Marine Corps officer Lara Gorham left the military to pursue her dream of becoming a doctor. When she was accepted into the premed program at ECU for fall 2021, it looked like her dream was within reach. Then her veteran benefits ran out.
“I was becoming desperate. I had $11 in my bank account at the beginning of the semester, and I wasn’t sure how I was going to afford gas for the week, let alone my books,” Gorham said. She also had a young daughter at home and a long commute to campus. But thanks to the Paul Singleton Military Academic Success Fund, Gorham was able to purchase the textbooks and supplies she needed for the semester.
“He made impossible circumstances attainable,” she said. “I cannot thank him enough for his generosity.”
Even with federal funding and scholarships, student veterans can still struggle to pay college tuition and fees. Many student veterans have full-time jobs and families with mortgages, child care and car payments that cut into funds available for college. And if they change their major or take on a minor, their GI benefits could run out before graduation.
Singleton ’58 ’61 said he hopes his gift helps veterans and their families make the best of their studies and adapt more easily to campus life. It’s one of the largest gifts ever for student veterans at ECU.
“When I went to school, they didn’t have Pell Grants or government loans,” he said. “Very few people were on scholarships. When I went back to school (after serving in the Air Force), I had a family, and even on the GI Bill, it covered tuition but not all the other expenses. I didn’t want students to put up with what I had to put up with.”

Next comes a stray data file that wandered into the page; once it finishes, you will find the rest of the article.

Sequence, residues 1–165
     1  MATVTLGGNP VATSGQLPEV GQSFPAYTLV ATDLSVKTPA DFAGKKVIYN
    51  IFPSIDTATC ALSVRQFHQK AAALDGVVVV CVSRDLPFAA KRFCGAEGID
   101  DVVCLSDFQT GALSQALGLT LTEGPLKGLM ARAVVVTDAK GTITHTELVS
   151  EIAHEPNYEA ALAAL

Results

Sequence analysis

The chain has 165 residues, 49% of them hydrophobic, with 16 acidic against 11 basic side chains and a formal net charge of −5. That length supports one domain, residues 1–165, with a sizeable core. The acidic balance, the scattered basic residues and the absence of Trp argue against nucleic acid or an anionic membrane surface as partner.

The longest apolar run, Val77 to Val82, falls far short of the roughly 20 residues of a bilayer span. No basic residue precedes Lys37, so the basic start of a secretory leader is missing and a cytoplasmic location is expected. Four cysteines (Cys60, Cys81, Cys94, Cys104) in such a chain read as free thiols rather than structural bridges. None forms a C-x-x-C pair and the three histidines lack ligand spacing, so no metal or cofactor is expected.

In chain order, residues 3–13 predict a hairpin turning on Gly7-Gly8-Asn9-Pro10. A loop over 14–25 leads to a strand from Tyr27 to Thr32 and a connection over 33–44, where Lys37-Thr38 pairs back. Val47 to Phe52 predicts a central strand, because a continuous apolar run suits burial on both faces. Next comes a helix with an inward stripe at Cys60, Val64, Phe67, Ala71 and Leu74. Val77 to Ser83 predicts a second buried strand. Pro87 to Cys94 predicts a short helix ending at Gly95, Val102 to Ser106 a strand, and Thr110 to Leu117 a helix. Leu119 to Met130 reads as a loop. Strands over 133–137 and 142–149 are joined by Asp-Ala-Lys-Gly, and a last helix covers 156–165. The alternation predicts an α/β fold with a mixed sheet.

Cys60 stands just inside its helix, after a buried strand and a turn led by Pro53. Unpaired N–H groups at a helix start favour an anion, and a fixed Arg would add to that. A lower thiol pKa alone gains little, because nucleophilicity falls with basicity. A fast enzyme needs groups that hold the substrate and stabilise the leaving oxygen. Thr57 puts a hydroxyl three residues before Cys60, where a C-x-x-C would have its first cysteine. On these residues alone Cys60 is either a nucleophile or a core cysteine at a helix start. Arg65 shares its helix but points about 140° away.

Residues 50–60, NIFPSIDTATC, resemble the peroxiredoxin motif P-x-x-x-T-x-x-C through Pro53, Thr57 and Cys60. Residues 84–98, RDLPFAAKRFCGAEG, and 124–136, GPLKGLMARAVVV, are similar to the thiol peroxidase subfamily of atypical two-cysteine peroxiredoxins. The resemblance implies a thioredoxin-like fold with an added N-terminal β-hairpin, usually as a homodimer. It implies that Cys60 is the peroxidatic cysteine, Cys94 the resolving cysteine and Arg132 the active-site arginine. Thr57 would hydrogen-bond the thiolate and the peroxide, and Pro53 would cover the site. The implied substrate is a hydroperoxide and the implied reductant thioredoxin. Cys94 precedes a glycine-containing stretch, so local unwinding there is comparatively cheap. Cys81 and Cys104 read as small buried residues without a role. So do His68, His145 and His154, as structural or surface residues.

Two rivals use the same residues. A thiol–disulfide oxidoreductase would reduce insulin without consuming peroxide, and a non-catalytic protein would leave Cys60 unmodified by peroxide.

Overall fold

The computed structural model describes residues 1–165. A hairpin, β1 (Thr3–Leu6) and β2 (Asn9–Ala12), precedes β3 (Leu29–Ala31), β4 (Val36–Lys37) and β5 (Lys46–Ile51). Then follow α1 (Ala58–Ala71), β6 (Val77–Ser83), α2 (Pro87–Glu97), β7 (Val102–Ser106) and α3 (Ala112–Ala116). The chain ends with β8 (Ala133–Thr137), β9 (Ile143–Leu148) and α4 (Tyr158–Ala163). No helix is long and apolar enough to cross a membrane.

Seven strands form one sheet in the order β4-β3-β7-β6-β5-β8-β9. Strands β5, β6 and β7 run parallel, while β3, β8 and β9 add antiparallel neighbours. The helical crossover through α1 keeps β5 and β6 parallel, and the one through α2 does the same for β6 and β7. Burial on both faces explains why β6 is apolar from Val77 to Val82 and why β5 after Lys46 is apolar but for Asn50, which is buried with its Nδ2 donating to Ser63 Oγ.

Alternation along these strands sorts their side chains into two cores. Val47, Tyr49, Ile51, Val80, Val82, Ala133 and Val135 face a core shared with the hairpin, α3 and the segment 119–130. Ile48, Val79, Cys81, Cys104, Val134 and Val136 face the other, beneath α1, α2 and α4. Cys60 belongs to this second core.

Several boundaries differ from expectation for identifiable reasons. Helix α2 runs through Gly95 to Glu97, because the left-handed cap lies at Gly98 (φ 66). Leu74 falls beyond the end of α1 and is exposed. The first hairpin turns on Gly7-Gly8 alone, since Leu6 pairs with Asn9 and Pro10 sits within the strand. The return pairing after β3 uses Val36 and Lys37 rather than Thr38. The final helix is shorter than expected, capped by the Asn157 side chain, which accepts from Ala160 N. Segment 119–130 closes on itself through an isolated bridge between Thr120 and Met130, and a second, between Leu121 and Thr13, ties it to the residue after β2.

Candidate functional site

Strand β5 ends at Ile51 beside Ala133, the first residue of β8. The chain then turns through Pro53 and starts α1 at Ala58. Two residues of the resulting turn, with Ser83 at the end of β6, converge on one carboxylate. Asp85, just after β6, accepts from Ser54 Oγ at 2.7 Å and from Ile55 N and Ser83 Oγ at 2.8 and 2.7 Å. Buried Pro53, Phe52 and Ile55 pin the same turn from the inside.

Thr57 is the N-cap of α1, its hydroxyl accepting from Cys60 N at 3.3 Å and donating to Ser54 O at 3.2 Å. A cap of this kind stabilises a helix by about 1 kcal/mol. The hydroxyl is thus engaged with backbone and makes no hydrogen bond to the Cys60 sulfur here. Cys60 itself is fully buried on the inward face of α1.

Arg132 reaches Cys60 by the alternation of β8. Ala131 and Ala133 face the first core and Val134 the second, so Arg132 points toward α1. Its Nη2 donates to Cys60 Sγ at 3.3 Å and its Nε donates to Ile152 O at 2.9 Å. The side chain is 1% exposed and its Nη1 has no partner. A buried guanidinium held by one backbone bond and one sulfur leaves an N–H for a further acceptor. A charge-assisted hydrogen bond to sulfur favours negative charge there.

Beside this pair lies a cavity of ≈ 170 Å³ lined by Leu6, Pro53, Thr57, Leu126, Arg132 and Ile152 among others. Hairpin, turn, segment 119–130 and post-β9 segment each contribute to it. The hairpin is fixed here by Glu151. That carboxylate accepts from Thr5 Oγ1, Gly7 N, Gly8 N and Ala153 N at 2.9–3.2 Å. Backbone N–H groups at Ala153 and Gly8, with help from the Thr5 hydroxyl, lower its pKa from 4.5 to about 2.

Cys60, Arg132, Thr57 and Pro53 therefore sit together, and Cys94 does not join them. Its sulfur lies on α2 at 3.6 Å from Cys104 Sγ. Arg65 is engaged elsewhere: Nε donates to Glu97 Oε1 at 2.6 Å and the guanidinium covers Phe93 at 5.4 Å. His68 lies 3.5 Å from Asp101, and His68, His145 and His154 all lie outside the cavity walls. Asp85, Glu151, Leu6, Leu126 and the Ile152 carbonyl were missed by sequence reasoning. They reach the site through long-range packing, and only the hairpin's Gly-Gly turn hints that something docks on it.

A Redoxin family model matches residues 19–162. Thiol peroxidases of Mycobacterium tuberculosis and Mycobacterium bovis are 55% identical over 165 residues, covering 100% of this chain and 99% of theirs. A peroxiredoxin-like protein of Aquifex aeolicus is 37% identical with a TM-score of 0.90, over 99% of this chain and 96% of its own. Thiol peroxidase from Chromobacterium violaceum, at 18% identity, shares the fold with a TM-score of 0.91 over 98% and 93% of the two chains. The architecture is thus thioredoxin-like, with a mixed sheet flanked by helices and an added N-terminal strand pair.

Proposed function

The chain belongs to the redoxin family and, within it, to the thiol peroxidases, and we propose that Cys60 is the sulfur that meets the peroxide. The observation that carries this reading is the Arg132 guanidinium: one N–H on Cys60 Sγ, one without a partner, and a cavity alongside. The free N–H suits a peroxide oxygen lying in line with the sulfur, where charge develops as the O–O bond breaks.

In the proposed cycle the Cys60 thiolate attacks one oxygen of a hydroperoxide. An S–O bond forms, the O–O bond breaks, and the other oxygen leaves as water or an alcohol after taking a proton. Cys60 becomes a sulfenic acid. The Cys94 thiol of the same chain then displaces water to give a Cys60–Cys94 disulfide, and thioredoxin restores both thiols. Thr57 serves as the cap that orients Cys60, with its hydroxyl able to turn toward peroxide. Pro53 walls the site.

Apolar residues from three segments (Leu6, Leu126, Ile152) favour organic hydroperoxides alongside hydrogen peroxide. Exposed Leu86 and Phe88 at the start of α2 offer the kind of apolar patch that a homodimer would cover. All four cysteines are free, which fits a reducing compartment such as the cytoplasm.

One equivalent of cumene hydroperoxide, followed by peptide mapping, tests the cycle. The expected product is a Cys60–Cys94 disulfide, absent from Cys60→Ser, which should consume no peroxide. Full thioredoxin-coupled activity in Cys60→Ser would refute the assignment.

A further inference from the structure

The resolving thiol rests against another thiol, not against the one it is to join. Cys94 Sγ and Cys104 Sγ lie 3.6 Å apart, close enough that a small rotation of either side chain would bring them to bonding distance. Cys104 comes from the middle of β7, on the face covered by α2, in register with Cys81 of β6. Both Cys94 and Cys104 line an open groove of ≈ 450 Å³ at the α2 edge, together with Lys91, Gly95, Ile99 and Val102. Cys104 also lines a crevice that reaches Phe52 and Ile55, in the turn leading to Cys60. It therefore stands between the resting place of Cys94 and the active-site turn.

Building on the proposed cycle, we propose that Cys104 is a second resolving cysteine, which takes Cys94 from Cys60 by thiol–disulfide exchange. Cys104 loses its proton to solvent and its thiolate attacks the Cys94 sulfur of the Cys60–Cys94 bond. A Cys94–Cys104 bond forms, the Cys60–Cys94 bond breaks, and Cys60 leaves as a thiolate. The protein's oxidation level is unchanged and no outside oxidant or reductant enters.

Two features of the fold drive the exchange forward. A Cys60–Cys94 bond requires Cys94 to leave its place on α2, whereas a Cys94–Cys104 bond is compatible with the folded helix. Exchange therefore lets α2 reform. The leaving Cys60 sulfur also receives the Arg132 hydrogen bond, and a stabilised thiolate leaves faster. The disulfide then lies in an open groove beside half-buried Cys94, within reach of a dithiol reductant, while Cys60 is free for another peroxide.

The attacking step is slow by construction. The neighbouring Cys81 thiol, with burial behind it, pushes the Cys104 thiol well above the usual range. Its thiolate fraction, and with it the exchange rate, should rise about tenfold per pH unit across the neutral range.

Singleton left the Air Force in 1984 and now lives in a military affiliated retirement community in Fort Walton Beach, Florida. His late wife, Anne, was an ECU alumna, and his two brothers also went to ECU on the GI Bill.
The Paul Singleton Military Academic Success Fund is unique in that it provides support not only for veterans, but also for reservists and dependents of disabled veterans, who do not get some federal funding for textbooks, said Nicole Messina, associate director of student veteran services at ECU.
“Very few universities offer extra support to these students, so Mr. Singleton has provided ECU with a great opportunity to help military-affiliated students,” she said.
– Erin Ward
ECU Health brand launches across region
As part of the collaborative effort ECU and Vidant Health announced last year, the new ECU Health brand has begun appearing at health care sites in the region.
Chancellor Philip Rogers; Dr. Mike Waldrum, CEO of ECU Health and dean of the Brody School of Medicine; and Dr. Jason Higginson, executive dean of the medical school, unveiled the new ECU Health logo in April.
Vidant Medical Center is now ECU Health Medical Center, and other Vidant facilities will be renamed in a similar manner: ECU Health Bertie Hospital, ECU Health Chowan Hospital, ECU Health Maynard Children’s Hospital and so on. The Outer Banks Hospital will retain its name.
– ECU News Services